Giant Leap | Review by Steve Bennett
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Giant Leap

Note: This review is from 2015

Review by Steve Bennett

Houston, we have a problem. The year is 1969 and Neil Armstrong, Buzz Aldrin and that other guy are about to set foot on the Hollywood sound stage where they’re faking the Moon landings. All they need a line that will resonate around the world and echo down the centuries to do justice to this historic moment.

So Nasa has hired a couple of creative minds – wisecracking comic Mitch Gitin and washed-up writer Frank Paar, a refuge from the McCarthy Communist witch-hunt – to pen the perfect phrase.

Mickey Down and Konrad Kay’s premise for Giant Leap is an inspired one, and their script starts full of vibrancy and terse humour, as the pair trade banter, then clash with their military handler; the ultra-serious Colonel who’s a clear anathema to the artistic spirit.

A desperate Jewish New York comic, somewhere between Woody Allen and George Costanza, is a role stand-up Lewis Schaffer was born to play; while Tom Stade equally well inhabits his role as a sarcastic drunk who’s past caring – extensions of their stand-up personas both.

This ultimate writing room has been put together by all-powerful Hollywood producer-cum-devil incarnate Jay Weinberg, ‘a wolf in wolf’s clothing’ by his own admission. Phil Nichol brings his usual intense energy to this swaggering alpha male, whose longer power-trip monologues provide a balancing pace to the zippy to-and-fro of the creatives.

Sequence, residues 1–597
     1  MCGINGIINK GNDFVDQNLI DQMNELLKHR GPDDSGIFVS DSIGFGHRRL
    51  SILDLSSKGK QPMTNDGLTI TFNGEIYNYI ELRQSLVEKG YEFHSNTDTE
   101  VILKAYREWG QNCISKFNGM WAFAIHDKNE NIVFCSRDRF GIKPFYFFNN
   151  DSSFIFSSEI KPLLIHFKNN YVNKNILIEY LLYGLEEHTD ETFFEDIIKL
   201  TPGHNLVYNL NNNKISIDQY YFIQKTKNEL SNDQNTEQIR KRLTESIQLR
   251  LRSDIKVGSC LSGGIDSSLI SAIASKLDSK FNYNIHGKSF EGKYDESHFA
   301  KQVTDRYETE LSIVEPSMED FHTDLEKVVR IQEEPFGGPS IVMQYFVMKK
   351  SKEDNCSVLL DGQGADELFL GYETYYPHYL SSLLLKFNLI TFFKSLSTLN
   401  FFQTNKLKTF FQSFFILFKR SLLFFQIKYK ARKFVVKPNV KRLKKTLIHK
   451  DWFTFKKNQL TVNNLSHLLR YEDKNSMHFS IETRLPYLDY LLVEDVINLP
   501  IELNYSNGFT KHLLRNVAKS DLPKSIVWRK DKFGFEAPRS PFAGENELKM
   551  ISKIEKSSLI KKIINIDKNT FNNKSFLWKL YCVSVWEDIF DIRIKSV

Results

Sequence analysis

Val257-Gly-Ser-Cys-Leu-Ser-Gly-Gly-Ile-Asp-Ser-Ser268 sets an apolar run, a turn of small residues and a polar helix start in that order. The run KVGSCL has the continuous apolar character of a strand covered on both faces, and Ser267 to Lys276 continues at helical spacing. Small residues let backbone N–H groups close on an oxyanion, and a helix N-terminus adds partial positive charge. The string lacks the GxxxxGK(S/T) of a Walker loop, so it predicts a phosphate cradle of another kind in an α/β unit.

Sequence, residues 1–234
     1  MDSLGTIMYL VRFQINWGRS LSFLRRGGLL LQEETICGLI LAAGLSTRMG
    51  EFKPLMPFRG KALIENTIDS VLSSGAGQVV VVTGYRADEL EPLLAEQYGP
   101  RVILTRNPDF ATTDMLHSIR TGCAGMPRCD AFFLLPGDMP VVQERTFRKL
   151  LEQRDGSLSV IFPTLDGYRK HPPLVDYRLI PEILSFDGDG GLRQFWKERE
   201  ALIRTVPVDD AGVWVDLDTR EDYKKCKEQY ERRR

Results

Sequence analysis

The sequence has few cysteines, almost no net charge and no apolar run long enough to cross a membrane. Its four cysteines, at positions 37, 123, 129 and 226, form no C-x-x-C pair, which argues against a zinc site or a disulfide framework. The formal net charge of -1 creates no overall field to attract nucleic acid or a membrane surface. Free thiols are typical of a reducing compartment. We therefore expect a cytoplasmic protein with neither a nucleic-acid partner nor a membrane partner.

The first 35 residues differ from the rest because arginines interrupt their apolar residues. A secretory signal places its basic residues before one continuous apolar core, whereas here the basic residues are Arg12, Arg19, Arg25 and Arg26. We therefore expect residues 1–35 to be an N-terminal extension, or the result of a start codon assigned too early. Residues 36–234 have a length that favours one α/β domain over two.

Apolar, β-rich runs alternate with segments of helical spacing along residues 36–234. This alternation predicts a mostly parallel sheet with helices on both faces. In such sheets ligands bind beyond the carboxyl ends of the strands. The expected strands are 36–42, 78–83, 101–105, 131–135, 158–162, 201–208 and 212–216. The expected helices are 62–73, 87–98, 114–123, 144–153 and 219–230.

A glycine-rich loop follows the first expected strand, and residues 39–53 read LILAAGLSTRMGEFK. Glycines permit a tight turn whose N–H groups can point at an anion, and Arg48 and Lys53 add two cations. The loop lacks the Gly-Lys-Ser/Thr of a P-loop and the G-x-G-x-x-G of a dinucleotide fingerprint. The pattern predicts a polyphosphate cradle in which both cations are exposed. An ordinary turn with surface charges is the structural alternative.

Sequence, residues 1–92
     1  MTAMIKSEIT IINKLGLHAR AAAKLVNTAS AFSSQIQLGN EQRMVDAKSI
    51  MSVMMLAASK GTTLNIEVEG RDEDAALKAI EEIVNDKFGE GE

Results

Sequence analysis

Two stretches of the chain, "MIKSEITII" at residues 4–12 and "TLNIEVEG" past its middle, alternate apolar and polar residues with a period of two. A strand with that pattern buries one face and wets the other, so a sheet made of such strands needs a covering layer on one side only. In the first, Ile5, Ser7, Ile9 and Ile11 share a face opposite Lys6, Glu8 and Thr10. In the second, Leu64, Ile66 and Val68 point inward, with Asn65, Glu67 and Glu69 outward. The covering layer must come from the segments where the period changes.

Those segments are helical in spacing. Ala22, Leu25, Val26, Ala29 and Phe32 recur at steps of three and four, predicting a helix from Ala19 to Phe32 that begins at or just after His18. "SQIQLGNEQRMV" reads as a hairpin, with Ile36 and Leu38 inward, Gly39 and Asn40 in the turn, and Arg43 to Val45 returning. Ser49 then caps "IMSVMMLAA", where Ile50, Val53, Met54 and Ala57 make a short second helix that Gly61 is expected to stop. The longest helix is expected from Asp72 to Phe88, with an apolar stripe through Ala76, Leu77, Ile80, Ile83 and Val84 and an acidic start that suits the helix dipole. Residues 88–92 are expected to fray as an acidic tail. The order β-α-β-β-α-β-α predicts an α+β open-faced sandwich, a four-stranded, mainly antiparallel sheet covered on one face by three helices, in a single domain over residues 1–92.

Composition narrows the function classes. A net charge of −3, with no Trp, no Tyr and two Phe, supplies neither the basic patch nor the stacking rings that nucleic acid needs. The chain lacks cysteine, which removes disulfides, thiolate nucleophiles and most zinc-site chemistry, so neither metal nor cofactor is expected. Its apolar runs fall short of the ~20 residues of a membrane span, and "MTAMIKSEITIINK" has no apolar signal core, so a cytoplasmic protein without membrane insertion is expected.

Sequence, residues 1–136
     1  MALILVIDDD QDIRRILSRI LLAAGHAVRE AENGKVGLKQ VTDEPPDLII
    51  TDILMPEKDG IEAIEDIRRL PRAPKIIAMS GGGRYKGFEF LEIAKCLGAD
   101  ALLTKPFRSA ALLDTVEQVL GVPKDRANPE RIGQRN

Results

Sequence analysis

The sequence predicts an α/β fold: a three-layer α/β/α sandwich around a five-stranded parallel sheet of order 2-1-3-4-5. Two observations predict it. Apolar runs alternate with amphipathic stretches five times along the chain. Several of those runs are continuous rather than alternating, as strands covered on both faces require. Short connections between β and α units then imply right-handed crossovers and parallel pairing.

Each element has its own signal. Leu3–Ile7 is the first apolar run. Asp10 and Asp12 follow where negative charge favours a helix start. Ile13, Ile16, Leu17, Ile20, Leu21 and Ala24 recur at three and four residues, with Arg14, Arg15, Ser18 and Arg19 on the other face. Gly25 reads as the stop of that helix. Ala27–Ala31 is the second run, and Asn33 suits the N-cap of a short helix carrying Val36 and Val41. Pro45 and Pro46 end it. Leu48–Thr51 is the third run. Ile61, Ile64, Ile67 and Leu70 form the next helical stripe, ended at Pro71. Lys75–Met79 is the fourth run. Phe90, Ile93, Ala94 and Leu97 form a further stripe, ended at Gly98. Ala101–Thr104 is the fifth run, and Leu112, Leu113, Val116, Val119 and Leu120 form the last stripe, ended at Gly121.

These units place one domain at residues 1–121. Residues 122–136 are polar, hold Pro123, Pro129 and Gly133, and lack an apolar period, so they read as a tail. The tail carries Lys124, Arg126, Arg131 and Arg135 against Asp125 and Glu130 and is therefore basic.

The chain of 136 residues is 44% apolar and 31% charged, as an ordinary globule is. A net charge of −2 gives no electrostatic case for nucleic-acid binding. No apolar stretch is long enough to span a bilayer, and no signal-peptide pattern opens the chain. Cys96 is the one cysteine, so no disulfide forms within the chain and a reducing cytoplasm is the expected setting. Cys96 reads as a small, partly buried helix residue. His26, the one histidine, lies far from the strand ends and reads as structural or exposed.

The script, though, seems to lose momentum as it hits the second act; and misses the chance to have some fun with the process of forging the perfect line. The rejected ideas are mildly lame, not hilariously so; while the revelation of the ‘One small step…’ idea – the payoff everyone knows is coming – seems a bit of a cheat. Gitin, especially, who was so full of rapid-fire one-liners at the start seems to give up, but we don’t know why.

Despite going off-course, the story makes a reasonably successful touchdown, fuelled by Nichol’s boosters – yet there’s also a slight feeling of missed opportunity given how this Comedians Theatre Company production shot for the stars with such a strong set-up.

Review date: 18 Aug 2015
Reviewed by: Steve Bennett
Reviewed at: Pleasance Courtyard

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